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Building Complex Event Processing applications in Java with WebLogic Event Server

by Gavin Terrill on Aug 27, 2007 |
Complex Event Processing (CEP) is an extension of the traditional Event Driven Architecture. Wikipedia explains that: "CEP employs techniques such as detection of complex patterns of many events, event correlation and abstraction, event hierarchies, and relationships between events such as causality, membership, and timing, and event-driven processes".

BEA recently published a tutorial on building an Complex Event Processing application based on their new WebLogic Event Server - an "event-driven SOA real-time Java container".  The tutorial is designed to help readers in "understanding the design principles of real-time event-driven architecture", and begins by explaining that OSGi and the Spring Framework underpins the application configuration:
The event-driven programming paradigm supported by the WebLogic Event Server provides for a Spring-based declarative assembly and configuration
In a CEP based application, rules are used to filter and correlate incoming event streams. BEA has introduced their own Event Processing Language (EPL):
EPL is a powerful language that enables you, the developer, to implement a comprehensive range of queries to "extract" the events from the incoming data and invoke your business logic (POJO). What is really cool is that EPL is defined outside the programmatic aspects of the application, which can facilitate high developer productivity and flexibility. In fact, you can dynamically alter queries without recompiling, bundling and republishing the associated application to enable your solution to react to changing conditions or circumstances in real time.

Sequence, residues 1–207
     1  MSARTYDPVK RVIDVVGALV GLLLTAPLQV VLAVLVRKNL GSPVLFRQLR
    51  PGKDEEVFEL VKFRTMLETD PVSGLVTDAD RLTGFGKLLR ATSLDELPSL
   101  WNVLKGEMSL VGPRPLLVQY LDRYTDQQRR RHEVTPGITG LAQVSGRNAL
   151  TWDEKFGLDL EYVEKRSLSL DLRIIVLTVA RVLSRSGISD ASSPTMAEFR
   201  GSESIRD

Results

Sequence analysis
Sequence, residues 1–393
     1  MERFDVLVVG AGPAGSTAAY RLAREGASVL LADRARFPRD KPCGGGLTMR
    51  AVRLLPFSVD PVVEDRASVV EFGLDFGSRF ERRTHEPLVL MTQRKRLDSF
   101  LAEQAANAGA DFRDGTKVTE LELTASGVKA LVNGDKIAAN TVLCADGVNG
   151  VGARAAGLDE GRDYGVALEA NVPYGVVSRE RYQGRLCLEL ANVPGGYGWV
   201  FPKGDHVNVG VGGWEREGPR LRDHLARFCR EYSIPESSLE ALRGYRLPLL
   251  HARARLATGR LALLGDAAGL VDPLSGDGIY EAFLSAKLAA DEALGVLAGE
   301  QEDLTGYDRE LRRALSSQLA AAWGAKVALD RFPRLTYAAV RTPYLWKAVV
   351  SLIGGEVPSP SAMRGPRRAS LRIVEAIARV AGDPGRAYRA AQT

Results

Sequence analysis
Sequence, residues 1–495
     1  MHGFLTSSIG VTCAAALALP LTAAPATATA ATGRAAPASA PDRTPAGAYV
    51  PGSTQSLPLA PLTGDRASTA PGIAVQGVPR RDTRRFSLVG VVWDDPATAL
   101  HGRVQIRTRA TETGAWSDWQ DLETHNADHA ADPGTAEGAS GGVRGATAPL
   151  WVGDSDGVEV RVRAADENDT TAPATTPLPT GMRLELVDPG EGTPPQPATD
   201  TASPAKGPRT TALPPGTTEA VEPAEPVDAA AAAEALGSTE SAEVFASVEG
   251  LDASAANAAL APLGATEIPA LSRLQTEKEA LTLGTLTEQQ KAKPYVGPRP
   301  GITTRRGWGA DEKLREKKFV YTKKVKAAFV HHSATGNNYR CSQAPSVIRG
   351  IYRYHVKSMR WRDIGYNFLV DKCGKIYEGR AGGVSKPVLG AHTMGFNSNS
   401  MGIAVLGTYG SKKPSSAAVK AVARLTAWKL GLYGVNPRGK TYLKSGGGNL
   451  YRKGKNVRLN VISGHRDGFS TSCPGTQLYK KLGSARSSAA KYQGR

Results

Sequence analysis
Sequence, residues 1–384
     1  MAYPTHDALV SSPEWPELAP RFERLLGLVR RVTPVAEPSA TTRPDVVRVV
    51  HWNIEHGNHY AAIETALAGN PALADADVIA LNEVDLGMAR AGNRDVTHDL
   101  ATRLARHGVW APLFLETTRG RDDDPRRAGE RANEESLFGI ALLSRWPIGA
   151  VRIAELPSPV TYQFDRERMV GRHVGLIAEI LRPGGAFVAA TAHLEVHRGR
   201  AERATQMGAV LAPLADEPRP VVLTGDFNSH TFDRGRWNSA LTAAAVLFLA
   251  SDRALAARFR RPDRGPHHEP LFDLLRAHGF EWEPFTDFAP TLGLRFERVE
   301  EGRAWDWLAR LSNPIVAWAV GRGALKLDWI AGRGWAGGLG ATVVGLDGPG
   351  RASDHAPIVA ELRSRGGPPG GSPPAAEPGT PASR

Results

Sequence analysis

The WebLogic Event Server was designed with real-time requirements in mind using BEA's msA (micro-services Architecture):
At the core of its design is an infrastructure for providing deterministic, extremely low application latencies under predetermined peak workloads — an essential requirement for high-performance real-time applications.
BEA provides an Eclipse plugin for building WebLogic Event Server applications, and have made it easy to get started by providing a HelloWorld example. In the example, all of the neccessary files for a simple application are provided including the Java source, an EPN (Spring cofiugration) file and EPL definitions. The Java source files includes a HelloWorldBean that listens to events generated the the event processor by implementing the WebLogic EventSink interface. The HelloWorldAdapter is used to generate events, and extends the ActiveAdapter framework class.

The tutorial concludes by pointing out that with the IDE features "we are providing developers with capabilities to simplify the dynamic creation and deployment (publishing) of our new WebLogic Event Server applications".

More information on the WebLogic Event Server and WebLogic Real Time products is available here.

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